Ehringhaus, Matilda Bradford Haughton

Ehringhaus, Matilda Bradford HaughtonGovernor John Christoph Blucher Ehringhaus and his wife Matilda Bradford Haughton Ehringhaus in Elizabeth City, May 30, 1933. Image from  	University of North Carolina at Chapel Hill. Carolina Digital Library and Archives. .

by Marie Sharpe Ham, Debra A. Blake, and C. Edward Morris. Excerpted from North Carolina's First Ladies, 1891-2001, copyright 2001. Reprinted with permission from North Carolina Historical Publications, North Carolina Department of Natural and Cultural Resources.

23 Oct 1890 - 16 Jun 1980

See Also: JCB Ehringhaus - Dictionary of North Carolina Biography, Governor J.C.B. Ehringhaus - Research Branch, NC Office of Archives and History. 

Outgoing and cheerful, Matilda "Tillie" Ehringhaus was a breath of fresh air in the depression-era administration of Governor J.C.B. Ehringhaus. With unflagging wit and good humor, she represented a pleasant diversion from the stress and strain of public life. Matilda Bradford was born to Episcopal minister Thomas Benbury Haughton and Susan Elizabeth Lamb Haughton on October 23, 1890, in Williamston, Martin County. When Matilda was four, her father died, and the family moved to Washington, North Carolina. She later attended St. Mary's Junior College, from which she received a business certificate in 1908 and worked as a secretary until her marriage. On January 4, 1912, she married John Christoph Blucher Ehringhaus at St. Peter's Episcopal Church in Washington, North Carolina. Fol­lowing their marriage they lived in Elizabeth City, where her husband practiced law.

Three children were born to J. C. B. and Tillie Ehringhaus. John Christoph Blucher Ehringhaus Jr. was the oldest, born March 8, 1913; he later married Margaret Irwin Peoples. He was followed by twins, Matilda and Haughton, who were born September 5, 1916. Daughter Matilda subsequently married James Telfair Cordon and had three children; son Haughton later married Johnny Walker and had two children.

Because of the financial strain of the Great Depression, the inauguration was very simple. The legislature appropriated only six hundred dollars for the event. The new governor and his wife welcomed the simplicity of the ceremony inasmuch as he had only recently been released from the hospital after having undergone treatment for a kidney infection and had to return to bed immediately afterward. While living at the Executive Mansion, Tillie Ehringhaus hosted many musical evenings during which her husband played the piano and the family and guests gathered around and sang. One of the first things Governor Ehringhaus did to help the depressed economy was to reduce his own salary. His wife immediately followed suit by low­ering the wattage in the chandeliers and almost halving the electric bill at the mansion. In order to have enough silver to serve guests, Tillie Ehringhaus, like other first ladies, brought her own to the Executive Mansion.

Tillie Ehringhaus was never a particularly political person, though she enjoyed her years at the Executive Mansion. An article published in the Raleigh News and Observer on February 8, 1957, quoted her as remarking: '"It's an experience I'm glad I had, but I wouldn't want to be a governor's wife two terms.'" In a later article that appeared in the Greensboro Record (February 13, 1962), she noted that she had viewed with alarm her husband's decision to run for governor inasmuch as she did not enjoy the limelight. In spite of her reservations, the charming Tillie Ehringhaus performed her duties with great style and made many lasting friends in the capital city. In its issue of August 26, 1933, The State magazine said: "[I)f they ever have a beauty contest among governors' wives, our Tilly will take the loving cup, or the medal, or whatever it is that they give as first prizes in contests of this nature."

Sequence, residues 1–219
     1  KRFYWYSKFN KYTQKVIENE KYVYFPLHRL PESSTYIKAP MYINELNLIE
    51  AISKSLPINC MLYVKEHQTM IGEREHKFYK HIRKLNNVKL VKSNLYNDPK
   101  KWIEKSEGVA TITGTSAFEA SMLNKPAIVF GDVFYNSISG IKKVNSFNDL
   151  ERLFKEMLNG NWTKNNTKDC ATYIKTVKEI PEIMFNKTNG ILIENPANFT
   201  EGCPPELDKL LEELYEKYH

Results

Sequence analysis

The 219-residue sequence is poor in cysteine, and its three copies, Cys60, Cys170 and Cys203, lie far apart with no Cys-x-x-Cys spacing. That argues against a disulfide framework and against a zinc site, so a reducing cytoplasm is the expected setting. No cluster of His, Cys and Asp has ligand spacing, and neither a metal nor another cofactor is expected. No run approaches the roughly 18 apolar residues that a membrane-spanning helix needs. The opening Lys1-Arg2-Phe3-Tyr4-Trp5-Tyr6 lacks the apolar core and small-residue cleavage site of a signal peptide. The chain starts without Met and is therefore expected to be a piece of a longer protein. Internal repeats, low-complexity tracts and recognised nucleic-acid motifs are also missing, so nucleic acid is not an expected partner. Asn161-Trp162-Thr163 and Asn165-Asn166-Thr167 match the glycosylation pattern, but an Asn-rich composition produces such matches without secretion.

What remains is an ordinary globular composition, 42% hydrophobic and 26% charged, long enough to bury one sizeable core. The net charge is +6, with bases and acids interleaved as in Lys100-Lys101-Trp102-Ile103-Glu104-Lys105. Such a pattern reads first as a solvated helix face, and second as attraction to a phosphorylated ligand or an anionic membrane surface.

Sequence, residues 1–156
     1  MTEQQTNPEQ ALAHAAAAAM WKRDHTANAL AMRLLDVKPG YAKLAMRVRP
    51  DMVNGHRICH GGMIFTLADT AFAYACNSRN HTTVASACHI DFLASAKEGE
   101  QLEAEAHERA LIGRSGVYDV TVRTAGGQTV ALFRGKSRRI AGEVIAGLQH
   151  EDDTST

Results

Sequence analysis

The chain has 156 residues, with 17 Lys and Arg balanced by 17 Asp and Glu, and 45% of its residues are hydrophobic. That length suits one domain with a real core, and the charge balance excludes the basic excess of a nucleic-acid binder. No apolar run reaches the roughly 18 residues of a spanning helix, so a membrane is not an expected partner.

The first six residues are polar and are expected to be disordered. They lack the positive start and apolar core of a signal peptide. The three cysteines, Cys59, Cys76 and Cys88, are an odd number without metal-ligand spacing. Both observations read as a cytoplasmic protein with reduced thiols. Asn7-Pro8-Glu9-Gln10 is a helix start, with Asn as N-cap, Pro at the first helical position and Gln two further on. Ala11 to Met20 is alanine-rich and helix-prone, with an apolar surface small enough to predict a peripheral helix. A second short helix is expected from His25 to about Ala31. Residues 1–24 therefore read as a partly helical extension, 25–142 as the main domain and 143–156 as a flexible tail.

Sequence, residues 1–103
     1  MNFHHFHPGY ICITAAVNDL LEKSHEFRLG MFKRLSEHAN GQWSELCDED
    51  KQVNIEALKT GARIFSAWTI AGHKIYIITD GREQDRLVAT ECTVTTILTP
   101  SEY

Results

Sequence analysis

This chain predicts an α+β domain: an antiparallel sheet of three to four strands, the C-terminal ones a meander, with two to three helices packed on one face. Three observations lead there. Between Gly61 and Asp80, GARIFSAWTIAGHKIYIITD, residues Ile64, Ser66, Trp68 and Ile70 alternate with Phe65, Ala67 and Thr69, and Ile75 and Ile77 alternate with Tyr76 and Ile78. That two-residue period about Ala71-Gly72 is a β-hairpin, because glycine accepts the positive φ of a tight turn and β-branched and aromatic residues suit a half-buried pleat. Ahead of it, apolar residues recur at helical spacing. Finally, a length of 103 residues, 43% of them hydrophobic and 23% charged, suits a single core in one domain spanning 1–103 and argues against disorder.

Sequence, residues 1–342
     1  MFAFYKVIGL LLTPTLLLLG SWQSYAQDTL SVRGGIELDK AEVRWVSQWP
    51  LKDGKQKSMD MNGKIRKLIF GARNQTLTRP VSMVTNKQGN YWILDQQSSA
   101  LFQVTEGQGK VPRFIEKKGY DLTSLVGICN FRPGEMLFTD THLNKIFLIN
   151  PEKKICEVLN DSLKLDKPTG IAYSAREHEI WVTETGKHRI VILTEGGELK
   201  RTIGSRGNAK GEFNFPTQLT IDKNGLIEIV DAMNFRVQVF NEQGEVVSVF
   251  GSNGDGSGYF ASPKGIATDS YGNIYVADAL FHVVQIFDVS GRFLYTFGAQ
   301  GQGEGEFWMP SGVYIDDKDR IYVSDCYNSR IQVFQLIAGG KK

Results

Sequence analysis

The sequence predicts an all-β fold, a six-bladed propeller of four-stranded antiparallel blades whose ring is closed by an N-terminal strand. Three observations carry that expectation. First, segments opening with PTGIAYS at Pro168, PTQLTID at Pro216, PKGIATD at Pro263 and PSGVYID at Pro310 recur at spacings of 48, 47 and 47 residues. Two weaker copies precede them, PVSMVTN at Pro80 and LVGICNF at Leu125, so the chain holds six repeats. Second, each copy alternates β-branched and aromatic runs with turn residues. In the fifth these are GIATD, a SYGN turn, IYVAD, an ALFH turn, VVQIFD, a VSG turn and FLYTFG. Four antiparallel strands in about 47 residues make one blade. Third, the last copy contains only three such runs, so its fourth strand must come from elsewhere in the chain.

While Mr. Ehringhaus was serving in the General Assembly in 1932, the family had lived at the Sir Walter Hotel in Raleigh. At the conclusion of his term of office as governor in January 1937, he and his family moved to a house on Fairview Road in Raleigh. In 1946 they returned to the Sir Walter Hotel. There the former governor died in 1949. Tillie Ehringhaus remained at the hotel for several years. Along with a friend, she edited the North Carolina Almanac and compiled the State Industrial Guide. In 1954 she moved to a small farm outside Edenton, where some of her family resided. She remodeled her house, and for a time two of her grandchildren lived with her and attended school in Edenton. She remained on her farm for twenty years before moving back to Raleigh, where she lived until her death.

Matilda Ehringhaus died in Raleigh on June 16, 1980, at the age of eighty-nine. She was buried beside her husband in the Christ Episcopal Church Cemetery in Elizabeth City.

 

 

References: 

Ham, Marie Sharpe, Debra A. Blake, and C. Edward Morris. 2001. North Carolina's First Ladies, 1891-2001. Raleigh, N.C.: Executive Mansion Fine Arts Committee and Executive Mansion Fund.

Image Credits:

"John Christoph Blucher Ehringhaus (1882-1949)." Photograph. The Carolina Story: A Virtual Museum of University History. University of North Carolina at Chapel Hill. Carolina Digital Library and Archives. http://dc.lib.unc.edu/cdm/singleitem/collection/vir_museum/id/831 (accessed April 23, 2013).

Ehringhaus, Mrs. "Dress, Accession #: H.1954.30.1." 1933. North Carolina Museum of History.

Years: 
1890 - 1980

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